Home for Christmas: Woodbury woman decorates 18-plus trees a year
Sometimes a 2-dimensional canvas isn't sufficient for a painter to express herself. That's particularly true in the case of Gloria Popowitz, a visual artist, home decorator and full-time grandmother. When it comes to a subject close to her heart — Christmas — the canvas is her entire house. Each year, around Thanksgiving, she begins the task of decking the halls of her Woodbury home that she shares with her husband, Mark.
Forget the inflatable Santas and nuclear-powered strings of Christmas lights that can be seen in satellite images. Popowitz, whose resume includes a stint staging homes for a construction company, ministers to the interior. She arranges her extensive collection of ornaments, gingerbread houses, nutcrackers, stars, angels, lights, green garlands and red bows. Much of this bling goes on the Christmas trees — 18 to 21 of them, that stand sentry all through the house.
"They get placed in different rooms each year," she said. "I get bored easily so I have to keep moving things around."
As a reminder of the true meaning of Christmas, the Holy Family enjoy pride of place atop a baby grand piano.
"I've just always been crazy about the beauty it," said Popowitz, a twinkling presence herself. "My grandchildren are my motivation. I want their eyeballs to twirl when they come to grandma's."
Her home certainly would dazzle any child who has always wished they could step into the pictures in their favorite Christmas book. In each room, small details attest to this extravagant labor of love. In the powder room sits a sad, spindly tree that may conjure memories of "A Charlie Brown Christmas." Other touches include old doors that have been repurposed as photo frames, and walls that are inset with schoolroom blackboards, complete with chalk.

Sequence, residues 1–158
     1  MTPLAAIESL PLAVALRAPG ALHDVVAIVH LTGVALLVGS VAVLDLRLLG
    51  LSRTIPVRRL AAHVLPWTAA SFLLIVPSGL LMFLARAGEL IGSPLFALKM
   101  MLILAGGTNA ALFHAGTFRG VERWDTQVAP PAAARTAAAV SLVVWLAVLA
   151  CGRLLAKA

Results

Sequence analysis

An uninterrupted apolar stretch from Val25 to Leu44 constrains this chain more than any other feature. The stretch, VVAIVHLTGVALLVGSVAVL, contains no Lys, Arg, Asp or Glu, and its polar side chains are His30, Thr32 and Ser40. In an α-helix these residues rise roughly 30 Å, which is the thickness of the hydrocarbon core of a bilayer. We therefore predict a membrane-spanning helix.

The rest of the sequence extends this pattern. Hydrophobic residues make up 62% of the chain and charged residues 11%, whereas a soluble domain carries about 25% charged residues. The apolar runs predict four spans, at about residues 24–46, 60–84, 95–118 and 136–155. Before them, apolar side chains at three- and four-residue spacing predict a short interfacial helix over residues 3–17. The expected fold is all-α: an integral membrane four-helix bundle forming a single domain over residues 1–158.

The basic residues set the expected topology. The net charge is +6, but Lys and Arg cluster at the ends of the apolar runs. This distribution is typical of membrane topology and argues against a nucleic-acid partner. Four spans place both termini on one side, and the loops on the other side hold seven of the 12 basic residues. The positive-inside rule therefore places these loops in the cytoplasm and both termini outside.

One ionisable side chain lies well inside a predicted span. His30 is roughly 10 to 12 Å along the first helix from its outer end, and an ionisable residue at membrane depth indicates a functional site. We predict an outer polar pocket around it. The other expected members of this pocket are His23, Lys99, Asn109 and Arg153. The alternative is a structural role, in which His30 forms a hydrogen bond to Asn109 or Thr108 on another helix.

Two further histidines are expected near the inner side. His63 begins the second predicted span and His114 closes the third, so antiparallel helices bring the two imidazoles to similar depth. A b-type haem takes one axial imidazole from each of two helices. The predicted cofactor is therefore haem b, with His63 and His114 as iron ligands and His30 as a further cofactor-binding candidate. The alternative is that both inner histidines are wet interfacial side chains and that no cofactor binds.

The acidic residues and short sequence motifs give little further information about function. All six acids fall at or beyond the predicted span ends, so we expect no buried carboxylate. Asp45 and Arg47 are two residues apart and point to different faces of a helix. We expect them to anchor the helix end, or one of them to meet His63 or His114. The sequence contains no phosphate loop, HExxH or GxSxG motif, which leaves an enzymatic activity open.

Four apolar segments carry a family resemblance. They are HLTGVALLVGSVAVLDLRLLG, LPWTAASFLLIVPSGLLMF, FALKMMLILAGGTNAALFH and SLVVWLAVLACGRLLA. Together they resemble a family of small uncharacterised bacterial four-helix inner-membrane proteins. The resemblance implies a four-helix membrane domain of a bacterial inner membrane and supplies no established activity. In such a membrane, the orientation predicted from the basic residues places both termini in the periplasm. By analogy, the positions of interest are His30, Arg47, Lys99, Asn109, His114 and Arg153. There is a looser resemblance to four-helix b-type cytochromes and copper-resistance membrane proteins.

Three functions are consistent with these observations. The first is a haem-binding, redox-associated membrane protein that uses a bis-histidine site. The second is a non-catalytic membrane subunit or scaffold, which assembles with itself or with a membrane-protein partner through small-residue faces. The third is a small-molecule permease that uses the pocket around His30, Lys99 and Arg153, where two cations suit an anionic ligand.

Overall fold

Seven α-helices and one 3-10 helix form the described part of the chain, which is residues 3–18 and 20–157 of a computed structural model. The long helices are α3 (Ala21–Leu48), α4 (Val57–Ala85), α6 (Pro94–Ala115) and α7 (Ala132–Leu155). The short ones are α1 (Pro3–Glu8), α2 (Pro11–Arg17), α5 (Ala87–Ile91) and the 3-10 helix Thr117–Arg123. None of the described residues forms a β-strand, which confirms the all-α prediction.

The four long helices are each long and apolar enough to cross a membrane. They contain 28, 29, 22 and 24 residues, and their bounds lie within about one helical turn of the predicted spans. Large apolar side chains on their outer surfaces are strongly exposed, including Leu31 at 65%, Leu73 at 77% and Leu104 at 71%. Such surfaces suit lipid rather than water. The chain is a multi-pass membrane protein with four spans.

Popowitz prowls the outdoors for fallen birch branches and other natural materials that can serve as accents, a process she calls bringing the outdoors inside.
In the basement is her home studio, where she teaches painting as part of her company, Creative Canvas. She also teaches art therapy to at-risk kids. Her work hangs in the recently opened Breakaway Arts Center in Hastings.
But if Popowitz was born with artistic talent, she also had to be resourceful in order to get by during her impoverished childhood in St. Paul, where she was the eighth of 10 children.
"I grew up very poor and we had holes in the walls and nothing was new," she said. "I never had the money growing up, so if I wanted something, I made it."
Popowitz worked at Woodwinds Health Campus as a nurse's assistant and a doula, a non-medical specialist who assists a woman in the birth process.
"I quit my job to become a full-time grandma and make memories," she said.
Her five grandchildren, ages 2-14, usually learn something from the Bible during visits to Grandma's. She also is passing on her can-do craftsmanship.
"It's important to me that my grandchildren know how to use a sewing machine and to give someone a made gift as opposed to a bought gift."